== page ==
Shooter Jennings — the name alone is synonymous with country music, or so you would suspect.
But in recent years, the maverick Los Angeles artist purposely took repeated dives into the sorts of stylistic waters one might find surprising for the son of country outlaw Waylon Jennings.
In fact, the younger Jennings’ early records with producer Dave Cobb helped establish a new generational variant of the outlaw sound. How surprising were these leaps? Try the metal-esque concept album “Black Ribbons” that surfaced in 2010 or a tribute record to rock, electronic, film score and dance pop composer Giorgio Moroder, “Countach,” that followed in 2016.
But the urge returned to head back to a style of country music free of contemporary pop intrusions. So Jennings called Cobb, headed to Nashville and cut a nine song, 32-minute record of tunes so purely and naturally country in design that country radio likely won’t know what to make of it.
The album’s title is as simple and direct as its music — “Shooter.”
“I felt like nobody was really doing anything like this,” said Jennings, who returns to The Burl for a performance on Thursday. “And when I say nobody, I’m sure there are plenty of bands that are doing similar things, but as far as the kind of playing field of a lot of the artists that are out there go by, I felt most of them were doing things that were pretty different.
”So I spoke to Dave and said, ‘Hey man, let’s do a Bocephus record,’ alluding to the famed nickname of Hank Williams, Jr., whose early ‘80s era music was a prime inspiration for ‘Shooter.’
“The way the landscape is at the moment, there are not a lot of folks going this route in appreciating ‘80s and ‘90s — especially ‘80s — country music. I’m a huge Hank Jr. fan. I’m a big fan of George Strait and a lot of those guys from that era. Dave and I loved making records like that, so if we were going to work on our first record together in a long time, it felt like the most fun thing for us to do was to make the most country record possible. On all the other records I’ve done, I always had a slant – like rock or psychedelic stuff or whatever. So I felt like this time going straight country was the most alternative thing to do.”
Jennings cut his first three albums — “Put the ‘O’ Back in Country” (2005), “Electric Rodeo” (2006) and “The Wolf” (2007) — when Cobb was largely unknown to the country or pop mainstream. As Jennings veered off into new musical territory, Cobb gradually built a reputation as a multi-genre, Grammy winning producer. His client list includes two Kentucky country giants — Chris Stapleton and Sturgill Simpson — as well as John Prine, Jason Isbell, Zac Brown Band, Lake Street Dive, Mary Chapin Carpenter and scores of others.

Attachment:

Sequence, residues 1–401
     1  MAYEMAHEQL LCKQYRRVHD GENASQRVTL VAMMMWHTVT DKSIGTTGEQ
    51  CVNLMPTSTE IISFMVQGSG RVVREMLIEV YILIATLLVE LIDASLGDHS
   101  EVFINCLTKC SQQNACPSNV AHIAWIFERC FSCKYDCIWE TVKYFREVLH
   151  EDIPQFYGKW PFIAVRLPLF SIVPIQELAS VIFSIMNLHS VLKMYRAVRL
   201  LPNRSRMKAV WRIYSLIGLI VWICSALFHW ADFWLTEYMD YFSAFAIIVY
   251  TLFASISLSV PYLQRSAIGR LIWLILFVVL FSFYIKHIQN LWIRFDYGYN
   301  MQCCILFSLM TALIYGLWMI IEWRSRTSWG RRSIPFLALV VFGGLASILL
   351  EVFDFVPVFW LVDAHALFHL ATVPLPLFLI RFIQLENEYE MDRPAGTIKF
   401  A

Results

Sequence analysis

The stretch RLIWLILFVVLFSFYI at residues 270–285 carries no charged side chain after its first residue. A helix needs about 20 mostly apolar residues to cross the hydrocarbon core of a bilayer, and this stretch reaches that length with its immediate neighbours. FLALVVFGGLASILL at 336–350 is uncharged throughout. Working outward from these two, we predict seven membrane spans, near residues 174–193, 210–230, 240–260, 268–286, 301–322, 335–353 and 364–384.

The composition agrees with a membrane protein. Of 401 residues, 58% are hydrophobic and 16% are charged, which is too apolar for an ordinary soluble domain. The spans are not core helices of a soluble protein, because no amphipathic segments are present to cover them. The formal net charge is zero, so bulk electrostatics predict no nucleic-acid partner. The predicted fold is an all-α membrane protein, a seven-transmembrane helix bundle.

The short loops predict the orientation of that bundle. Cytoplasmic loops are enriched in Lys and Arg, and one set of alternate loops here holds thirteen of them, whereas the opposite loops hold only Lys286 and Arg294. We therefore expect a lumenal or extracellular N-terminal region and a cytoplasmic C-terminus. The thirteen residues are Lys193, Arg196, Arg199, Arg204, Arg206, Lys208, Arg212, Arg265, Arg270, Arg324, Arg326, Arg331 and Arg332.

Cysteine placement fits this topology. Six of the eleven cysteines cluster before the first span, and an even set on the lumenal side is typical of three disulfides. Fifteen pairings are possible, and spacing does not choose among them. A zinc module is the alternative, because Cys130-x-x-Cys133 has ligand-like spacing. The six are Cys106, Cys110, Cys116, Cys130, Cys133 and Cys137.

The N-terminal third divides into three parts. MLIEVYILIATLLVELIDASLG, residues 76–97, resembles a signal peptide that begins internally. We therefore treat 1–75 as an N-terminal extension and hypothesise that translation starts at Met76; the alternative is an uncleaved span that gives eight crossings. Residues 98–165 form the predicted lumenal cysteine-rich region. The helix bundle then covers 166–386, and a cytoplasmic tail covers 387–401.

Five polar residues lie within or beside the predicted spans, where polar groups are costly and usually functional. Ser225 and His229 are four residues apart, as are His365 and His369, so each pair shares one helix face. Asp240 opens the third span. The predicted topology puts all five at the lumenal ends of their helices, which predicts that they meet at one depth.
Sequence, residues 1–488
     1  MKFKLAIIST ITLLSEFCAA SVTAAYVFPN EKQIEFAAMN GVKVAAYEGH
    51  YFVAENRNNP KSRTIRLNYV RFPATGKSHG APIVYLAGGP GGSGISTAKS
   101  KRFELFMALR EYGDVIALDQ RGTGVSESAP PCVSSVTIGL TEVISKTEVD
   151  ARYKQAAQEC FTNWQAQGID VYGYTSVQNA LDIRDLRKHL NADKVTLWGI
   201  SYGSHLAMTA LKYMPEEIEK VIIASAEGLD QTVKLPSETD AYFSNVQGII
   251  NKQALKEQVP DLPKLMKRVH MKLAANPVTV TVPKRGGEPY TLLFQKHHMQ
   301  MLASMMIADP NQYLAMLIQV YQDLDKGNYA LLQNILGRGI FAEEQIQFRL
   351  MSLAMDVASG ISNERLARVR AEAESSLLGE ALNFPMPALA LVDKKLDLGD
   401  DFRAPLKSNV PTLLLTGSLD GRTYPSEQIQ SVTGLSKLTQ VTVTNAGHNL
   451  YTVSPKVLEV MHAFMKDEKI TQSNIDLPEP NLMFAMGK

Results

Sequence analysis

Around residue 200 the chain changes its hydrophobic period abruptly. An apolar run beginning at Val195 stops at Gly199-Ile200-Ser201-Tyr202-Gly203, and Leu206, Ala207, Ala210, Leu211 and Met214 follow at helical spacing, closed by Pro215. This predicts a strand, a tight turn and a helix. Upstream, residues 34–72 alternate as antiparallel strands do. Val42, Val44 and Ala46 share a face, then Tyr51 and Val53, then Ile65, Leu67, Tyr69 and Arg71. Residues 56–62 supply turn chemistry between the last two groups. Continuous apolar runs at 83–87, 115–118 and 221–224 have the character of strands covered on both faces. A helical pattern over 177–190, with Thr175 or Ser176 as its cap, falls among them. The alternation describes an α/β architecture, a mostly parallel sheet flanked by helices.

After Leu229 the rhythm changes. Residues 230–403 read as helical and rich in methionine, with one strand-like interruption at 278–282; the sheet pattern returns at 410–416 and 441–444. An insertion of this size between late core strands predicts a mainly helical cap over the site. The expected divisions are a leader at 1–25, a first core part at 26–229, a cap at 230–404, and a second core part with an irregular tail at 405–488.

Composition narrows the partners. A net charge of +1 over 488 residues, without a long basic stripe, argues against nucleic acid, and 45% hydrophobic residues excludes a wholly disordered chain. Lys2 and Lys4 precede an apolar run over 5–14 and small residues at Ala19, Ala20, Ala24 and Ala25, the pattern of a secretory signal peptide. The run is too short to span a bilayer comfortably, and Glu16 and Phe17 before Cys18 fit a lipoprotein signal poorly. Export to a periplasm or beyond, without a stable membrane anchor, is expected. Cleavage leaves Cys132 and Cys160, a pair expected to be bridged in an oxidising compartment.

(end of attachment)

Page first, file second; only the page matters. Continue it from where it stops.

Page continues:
But working with Cobb wasn’t exactly a reunion. In fact, sessions for “Shooter” followed a record Jennings and Cobb co-produced for Brandi Carlisle, the critically acclaimed “By the Way, I Forgive You,” which was released in February.
“It’s like any kind of true friendship,” Jennings said of working with Cobb. “When you get in a room with somebody and you haven’t seen them in awhile, you pick up where you left off. It’s kind of like that musically for us. We just had three weeks together co-producing Brandi’s record, so we had all this time working together on someone else’s music. That set us up to being able to do my record pretty quickly. We had plenty of time to discuss it, so it wasn’t like we were going in blind. We came in and we were ready to fire on all cylinders. We got into the studio and just continued the process from Brandi’s record to my record.”
Put all of this together — the country records, the extremely non-country records, the collaborations and an increasingly visible roll as a producer — and you have an artist who happily chooses not to defined by anything, not even his name.
“Whether it be good or bad, I’ve separated myself enough from my dad at this point. It’s like, times change. But I’m in a really good place creatively. I’m very proud of the fact that I’ve not once ever done a piece of music that wasn’t what I wanted to make. I’m getting opportunities to work with people I really love and am really excited to make records with. It’s like I’ve been handed this huge opportunity and am in the shape to take it on.”
If you go
Shooter Jennings/The Cordovas
When: 9 p.m. Sept. 6
Where: The Burl, 375 Thompson Rd.